Dr. Rorslett, where did you find your f/1.1 and faster lenses? specifically the Rodenstock lenses you have. I've looked a bit and haven't found anywhere that has them at all. Most of the results go back to you, ironically. I assume they were not cheap to say the least.
  15. nfoto

    nfoto Guest

    Ironically, most of them came very cheap or even for free. Thus this was in fact how I first discovered the f/0.75 class of lens, when a long-time friend of me showed me what he had gotten in a flea-market sale, and asked if this chunk of high-refractive glass could be put to practical use.

    However my habit not only of using these lenses, but telling people who wondered about the resulting images what I did use to achieve those images, has obvious put the market forces into motion. eBay price levels have risen significantly. So my latest acquisition, a Rayxar 65 mm f/0.75, cost me approx. $ 250 and this is the most expensive of any of my Rodenstock, Oude Delft Rayxar, Kowa, or similar high-speed items. I did obtain the elusive Repro-Nikkor 85 mm f/1 through a friend and that lens was more expensive, though, but not up to the level of most of my Nikkors otherwise.

    Most of these lenses were used in X-ray or copying machines no longer in daily use, so the lenses are dumped together with their machinery on scrap heaps. People interested in optics sometimes remove the lens before an X-ray machine is taken out of commision, and I got several of my lenses from such a person working with an X-ray department of a big hospital. He had salvaged more than 50 lenses from obsolete equipment and was just happy to give me some of his bounty.

    My plan for the new 65 mm f/0.75 is to build a deep-sky camera to mount it on. The lens is in a pristine condition and being a spare part, has never been used until now. What a beauty.
  16. wow! I thought they would be in the high hundreds to the thousands.
    How much modification was necessary for mounting on the camera?
    I'll have to look into them...I really would like to be a more artistic photographer.
    Last edited by a moderator: Oct 11, 2005
  17. nfoto

    nfoto Guest

    This particular lens (Repro 85/1) has unusual threads on both ends (53 mm external, 48 mm internal), so the logical solution was combining a sturdy 48-52 mm step-up ring with a BR-2A and a few drops of superglue. Total cost about $30 for this mount.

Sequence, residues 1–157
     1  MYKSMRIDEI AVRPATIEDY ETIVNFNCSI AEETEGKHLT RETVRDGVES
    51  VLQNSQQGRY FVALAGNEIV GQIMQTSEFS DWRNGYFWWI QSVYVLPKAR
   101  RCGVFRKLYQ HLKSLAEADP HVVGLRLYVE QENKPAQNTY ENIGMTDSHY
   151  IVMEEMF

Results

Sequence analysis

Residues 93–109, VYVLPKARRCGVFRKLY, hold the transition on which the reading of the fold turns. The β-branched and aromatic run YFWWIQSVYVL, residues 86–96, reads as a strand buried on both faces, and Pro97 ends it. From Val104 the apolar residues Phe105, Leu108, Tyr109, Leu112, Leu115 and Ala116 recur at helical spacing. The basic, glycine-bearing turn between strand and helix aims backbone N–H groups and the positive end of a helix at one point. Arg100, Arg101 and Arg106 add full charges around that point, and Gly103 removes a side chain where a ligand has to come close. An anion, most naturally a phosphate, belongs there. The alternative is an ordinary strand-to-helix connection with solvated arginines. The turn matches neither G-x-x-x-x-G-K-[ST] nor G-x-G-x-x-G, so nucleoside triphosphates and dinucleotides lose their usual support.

My general approach for any of these exotic lenses is to find a way of attaching a 52 mm thread onto it, and then add the "F" mount in form of a K-2 or BR-2/2A ring later on. The reason for doing this in a stepwise fashion is that perfectly aligning the mount is much easier. I add the CPU print at a later stage, when the lens has shown itself to be of practical value to me.
  18. Ah, makes sense.
    Hope I can find one of them...thank you by the way for the more complete list above. If I can acquire one of the Rodenstocks, would you be willing to share some of your tips for the conversion? The reversing ring idea is great and seems quite practical, it is just a matter, I suppose, of finding an adapter to the proper threads on the lens.
    I assume it gives full DX sensor coverage with your setup? How will I determine the proper distance/spacing of adapter parts for the image to be in focus on the sensor?
    Your results are stunning, and I would like to say that you have been an inspiration to me...I would very much like to learn UV and IR photography, as well as attempt to create art using ultra-fast lenses.
    And for my technical questions, you always end up being the most helpful.
    Last edited by a moderator: Oct 11, 2005
  19. Bjorn, educate me here.
    The lens is obviously fascinating, a work of art and an engineering marvel...but why is the f1 high light transmittability needed.
    For slide duping wouldn't it be more efficient to build an f2 flat field ultra sharp lens and supply more light or, easier, longer shutter time?

    Maybe I'm naive(if I'm, with certainly, naive don't tell me).

    For low light street shooting... it makes sense. Slide duplicating??? I don't understand.

    Enlighten me.
    Thanks. Vernon
  20. Vernon, why do you ask? It's obvious you'll end up buying one of those too, soon enough, once Bjorn explains the whole idea. I noticed the Lens Lust Disease is particularly strong with you :wink:

    Joke aside, I ask myself those same questions. Besides, why no focusing and f stops?